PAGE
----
Cost was described in terms of time, energy and health implications resulting from long hours of water sourcing, water source construction and maintenance cost, and monthly or annual water bill payments, or water purchase per container fetched. Water sources that required time and energy on the part of water user to collect water, constructed and financed by government or non-governmental organizations (NGOs), or that required water users to pay per container fetched, or monthly or annual water bills were not allotted any score. Technically, such water sources required high construction and maintenance costs. Water sources that require consumers to contribute money for maintenance only (as is the case with some communal water supply systems) were given a score of 1, while water sources that were owned by water users, such as self-supply systems, were allotted a score of 2.

Management is described based on water source operations and maintenance. Water sources that are constructed, operated and managed by the government (public water supply systems and communal water supply systems) did not get any score. Public water supply systems are, usually, poorly managed in this part of the world (Akpor & Muchie 2011). Communal water supply systems that were government or NGO constructed and required continuous post-construction management and maintenance from water users were scored 1. While self-supply systems constructed and managed by their owners were allotted a score of 2.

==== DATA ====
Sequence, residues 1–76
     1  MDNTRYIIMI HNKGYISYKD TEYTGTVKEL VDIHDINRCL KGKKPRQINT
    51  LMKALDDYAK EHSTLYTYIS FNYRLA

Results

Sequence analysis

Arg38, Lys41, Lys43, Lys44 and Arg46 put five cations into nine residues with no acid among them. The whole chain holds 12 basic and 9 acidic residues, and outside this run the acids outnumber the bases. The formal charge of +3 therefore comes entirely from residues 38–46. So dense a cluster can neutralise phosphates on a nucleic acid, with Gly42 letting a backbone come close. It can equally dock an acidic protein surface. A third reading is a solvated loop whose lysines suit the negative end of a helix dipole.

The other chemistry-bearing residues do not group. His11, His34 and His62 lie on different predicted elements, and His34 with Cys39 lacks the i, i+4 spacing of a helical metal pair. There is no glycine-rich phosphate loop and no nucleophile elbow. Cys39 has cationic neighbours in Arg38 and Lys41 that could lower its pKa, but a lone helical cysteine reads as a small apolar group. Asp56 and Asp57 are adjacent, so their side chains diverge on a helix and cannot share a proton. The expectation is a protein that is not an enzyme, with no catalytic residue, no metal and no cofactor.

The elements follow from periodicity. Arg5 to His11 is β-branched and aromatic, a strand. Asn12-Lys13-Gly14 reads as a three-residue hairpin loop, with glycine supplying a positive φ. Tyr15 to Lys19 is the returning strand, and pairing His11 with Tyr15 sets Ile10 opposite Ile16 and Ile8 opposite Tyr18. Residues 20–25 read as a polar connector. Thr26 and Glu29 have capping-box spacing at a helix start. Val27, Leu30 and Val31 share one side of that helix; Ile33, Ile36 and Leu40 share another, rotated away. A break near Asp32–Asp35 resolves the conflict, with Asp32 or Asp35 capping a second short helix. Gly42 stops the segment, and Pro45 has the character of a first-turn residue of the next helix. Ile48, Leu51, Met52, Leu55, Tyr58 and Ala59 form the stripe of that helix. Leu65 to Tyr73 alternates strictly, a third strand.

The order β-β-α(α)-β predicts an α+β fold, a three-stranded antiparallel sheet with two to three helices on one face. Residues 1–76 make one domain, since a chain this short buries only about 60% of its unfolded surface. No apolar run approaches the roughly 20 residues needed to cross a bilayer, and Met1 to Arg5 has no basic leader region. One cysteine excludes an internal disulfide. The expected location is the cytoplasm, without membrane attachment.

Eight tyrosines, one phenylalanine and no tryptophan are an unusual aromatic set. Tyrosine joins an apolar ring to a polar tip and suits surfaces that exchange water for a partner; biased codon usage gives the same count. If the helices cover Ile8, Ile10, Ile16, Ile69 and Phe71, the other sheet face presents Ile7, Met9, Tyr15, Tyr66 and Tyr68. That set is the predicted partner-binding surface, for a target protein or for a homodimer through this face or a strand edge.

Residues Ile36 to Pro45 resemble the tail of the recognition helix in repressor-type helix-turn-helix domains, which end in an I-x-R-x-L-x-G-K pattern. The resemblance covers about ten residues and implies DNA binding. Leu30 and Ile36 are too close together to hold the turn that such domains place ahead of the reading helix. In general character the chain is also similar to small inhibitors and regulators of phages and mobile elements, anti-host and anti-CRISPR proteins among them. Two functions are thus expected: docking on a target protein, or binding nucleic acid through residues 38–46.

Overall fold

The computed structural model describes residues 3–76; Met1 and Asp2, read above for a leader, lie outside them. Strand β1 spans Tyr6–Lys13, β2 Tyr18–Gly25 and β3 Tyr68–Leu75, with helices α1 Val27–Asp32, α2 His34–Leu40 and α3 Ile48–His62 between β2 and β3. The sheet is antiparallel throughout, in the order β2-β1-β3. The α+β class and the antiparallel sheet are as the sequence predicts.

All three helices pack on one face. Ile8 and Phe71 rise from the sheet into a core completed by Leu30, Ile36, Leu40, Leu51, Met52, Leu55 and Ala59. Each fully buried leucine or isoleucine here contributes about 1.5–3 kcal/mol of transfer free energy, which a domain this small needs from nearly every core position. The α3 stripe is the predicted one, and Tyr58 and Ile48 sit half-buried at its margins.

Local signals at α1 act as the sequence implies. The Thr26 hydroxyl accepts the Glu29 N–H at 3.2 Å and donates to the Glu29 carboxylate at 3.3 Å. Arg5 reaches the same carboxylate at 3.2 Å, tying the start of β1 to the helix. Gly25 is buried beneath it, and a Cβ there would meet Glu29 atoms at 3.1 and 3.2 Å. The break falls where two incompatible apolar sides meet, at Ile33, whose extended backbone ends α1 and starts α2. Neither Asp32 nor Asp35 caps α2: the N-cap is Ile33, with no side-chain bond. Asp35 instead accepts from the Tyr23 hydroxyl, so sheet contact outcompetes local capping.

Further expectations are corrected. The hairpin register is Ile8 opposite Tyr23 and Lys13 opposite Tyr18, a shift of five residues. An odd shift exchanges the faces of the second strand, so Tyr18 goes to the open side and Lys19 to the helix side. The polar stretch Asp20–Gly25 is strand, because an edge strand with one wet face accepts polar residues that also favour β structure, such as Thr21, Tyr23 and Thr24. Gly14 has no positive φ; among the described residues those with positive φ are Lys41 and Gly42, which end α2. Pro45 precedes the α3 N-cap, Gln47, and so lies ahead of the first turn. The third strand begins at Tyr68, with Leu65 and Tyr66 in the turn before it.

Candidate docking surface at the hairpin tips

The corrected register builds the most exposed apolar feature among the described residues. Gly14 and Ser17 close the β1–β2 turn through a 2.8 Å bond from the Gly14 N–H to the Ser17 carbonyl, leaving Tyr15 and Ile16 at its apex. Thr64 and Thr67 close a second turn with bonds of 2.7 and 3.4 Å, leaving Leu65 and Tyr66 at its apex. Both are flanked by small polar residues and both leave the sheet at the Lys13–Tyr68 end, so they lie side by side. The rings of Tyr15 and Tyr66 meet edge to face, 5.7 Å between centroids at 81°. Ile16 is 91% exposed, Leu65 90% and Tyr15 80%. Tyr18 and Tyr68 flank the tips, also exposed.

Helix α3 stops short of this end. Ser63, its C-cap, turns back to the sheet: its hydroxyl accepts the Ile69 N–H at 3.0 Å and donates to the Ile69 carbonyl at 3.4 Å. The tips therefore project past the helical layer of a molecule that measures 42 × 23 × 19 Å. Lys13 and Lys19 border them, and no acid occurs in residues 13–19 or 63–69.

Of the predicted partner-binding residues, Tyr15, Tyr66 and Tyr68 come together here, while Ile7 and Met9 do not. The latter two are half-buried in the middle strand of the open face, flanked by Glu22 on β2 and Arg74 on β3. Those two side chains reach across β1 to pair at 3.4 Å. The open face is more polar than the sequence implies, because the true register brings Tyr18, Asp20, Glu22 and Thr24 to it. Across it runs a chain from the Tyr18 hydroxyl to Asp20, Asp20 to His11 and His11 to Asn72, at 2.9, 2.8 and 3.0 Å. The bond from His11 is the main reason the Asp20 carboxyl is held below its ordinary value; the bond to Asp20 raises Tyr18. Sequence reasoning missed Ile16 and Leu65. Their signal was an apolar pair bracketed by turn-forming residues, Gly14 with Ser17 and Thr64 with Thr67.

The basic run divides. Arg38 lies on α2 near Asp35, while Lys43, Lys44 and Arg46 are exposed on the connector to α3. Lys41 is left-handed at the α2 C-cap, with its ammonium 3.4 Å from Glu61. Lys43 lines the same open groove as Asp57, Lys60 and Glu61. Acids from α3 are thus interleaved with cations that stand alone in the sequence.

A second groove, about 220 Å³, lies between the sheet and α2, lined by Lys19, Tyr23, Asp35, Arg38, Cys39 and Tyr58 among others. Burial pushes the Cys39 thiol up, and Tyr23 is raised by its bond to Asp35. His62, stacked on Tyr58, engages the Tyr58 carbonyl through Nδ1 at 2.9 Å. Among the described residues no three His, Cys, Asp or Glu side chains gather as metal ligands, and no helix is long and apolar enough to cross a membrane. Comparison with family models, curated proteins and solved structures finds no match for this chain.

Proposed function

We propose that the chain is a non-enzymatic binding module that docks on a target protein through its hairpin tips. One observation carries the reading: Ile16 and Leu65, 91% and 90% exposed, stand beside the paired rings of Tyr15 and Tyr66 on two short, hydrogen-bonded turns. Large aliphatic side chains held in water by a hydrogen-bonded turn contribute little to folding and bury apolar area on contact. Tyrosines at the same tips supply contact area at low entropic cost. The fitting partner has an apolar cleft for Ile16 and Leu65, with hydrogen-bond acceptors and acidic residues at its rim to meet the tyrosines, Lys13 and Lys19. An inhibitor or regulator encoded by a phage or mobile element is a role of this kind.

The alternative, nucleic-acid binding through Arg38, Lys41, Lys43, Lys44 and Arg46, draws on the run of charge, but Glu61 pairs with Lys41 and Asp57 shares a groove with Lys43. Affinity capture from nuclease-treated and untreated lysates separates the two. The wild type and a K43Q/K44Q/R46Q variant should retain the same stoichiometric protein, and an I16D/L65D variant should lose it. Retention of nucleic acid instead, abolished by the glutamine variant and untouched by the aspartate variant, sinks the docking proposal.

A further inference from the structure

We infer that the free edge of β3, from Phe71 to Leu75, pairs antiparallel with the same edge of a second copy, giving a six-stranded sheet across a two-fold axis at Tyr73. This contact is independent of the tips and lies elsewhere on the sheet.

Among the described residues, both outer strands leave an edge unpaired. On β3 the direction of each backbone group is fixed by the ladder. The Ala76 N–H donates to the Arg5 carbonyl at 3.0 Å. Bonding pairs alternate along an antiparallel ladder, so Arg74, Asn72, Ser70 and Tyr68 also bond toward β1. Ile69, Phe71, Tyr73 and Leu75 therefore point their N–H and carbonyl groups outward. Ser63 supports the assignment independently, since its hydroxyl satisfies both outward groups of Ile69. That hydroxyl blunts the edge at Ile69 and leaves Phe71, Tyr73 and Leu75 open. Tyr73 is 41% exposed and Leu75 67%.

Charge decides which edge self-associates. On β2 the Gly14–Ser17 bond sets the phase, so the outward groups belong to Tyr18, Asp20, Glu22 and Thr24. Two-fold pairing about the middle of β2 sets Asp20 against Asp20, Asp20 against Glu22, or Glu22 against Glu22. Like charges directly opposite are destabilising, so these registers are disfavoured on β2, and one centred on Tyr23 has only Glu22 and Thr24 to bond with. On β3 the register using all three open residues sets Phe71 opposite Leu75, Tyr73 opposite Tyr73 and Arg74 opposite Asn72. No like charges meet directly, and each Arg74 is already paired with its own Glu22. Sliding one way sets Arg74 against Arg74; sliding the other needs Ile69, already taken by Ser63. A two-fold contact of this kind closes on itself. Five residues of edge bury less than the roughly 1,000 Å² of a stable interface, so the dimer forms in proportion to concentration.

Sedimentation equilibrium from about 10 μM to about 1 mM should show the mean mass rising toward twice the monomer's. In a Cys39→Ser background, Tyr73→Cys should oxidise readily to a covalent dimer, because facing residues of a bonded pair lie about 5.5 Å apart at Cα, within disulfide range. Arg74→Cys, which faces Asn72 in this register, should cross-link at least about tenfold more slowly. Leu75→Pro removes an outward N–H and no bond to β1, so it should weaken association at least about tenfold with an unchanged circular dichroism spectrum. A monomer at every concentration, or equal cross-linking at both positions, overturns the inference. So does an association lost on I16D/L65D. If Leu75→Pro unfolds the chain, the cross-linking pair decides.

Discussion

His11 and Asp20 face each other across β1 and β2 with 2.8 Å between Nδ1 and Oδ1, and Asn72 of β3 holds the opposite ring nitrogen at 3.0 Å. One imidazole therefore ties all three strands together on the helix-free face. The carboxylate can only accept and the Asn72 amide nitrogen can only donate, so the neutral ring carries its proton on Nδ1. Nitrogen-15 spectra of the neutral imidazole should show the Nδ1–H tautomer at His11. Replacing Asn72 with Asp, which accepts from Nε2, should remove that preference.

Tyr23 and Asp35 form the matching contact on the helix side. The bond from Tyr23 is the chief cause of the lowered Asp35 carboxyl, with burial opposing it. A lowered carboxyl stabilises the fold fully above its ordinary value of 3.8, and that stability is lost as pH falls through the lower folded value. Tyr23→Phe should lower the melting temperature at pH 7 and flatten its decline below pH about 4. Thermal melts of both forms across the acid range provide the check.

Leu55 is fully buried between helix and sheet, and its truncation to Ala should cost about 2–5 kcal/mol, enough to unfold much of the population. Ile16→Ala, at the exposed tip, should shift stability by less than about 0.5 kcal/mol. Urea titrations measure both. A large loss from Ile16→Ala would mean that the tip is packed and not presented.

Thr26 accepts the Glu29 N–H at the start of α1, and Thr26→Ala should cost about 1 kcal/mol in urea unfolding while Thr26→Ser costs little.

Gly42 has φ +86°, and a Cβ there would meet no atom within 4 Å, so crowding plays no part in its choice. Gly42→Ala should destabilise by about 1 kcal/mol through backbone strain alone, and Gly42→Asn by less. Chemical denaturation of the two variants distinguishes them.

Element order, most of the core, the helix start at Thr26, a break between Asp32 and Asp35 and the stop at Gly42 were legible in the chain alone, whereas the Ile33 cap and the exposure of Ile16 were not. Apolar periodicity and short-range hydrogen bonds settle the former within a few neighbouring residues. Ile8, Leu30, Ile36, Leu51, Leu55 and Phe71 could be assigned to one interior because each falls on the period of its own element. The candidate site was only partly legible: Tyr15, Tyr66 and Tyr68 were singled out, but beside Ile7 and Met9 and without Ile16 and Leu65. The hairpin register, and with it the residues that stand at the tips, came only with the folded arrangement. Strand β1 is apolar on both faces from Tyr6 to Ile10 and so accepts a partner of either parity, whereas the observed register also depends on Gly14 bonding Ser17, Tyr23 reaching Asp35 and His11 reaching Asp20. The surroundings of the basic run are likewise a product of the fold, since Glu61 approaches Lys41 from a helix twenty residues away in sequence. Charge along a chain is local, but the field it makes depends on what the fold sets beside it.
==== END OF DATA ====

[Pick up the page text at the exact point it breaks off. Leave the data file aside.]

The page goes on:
The WSSI of each water supply system was then determined using the following equation:
formula
(1)
where WSSI is the Water Supply Systems Sustainability Index, is score obtained and is the maximum score obtainable.

WSSI scores were used to assess the sustainability of 194 water sources in the study area. The water supply sources selected using the cluster sampling method adapted from Oluwasanya et al. (2011a). The water sources were ranked based on their WSSI score using the WSSI rating (Table 2) as either, Unsustainable, Averagely Sustainable, Highly Sustainable or Very Highly Sustainable.

Table 2

Water supply systems sustainability index rating

ScoreIndicationRemarks
0–25 Unsustainable Water supply system is not reliable irrespective of seasonal influences, difficult accessibility (water supply system far from point of use), difficulty in management, high construction and maintenance cost or purchase of water required, poor quality 
26–50 Averagely Sustainable Water supply system is only reliable during the rainy season, less difficult accessibility (water supply system is close but not within the building), difficulty in management, minimal construction and maintenance cost or purchase of water required, poor quality 
51–75 Sustainable Water supply system is reliable, ease of access (water supply system is within the house but not connected to the building plumbing system), ease of management, cost beyond construction is only maintenance-based, good quality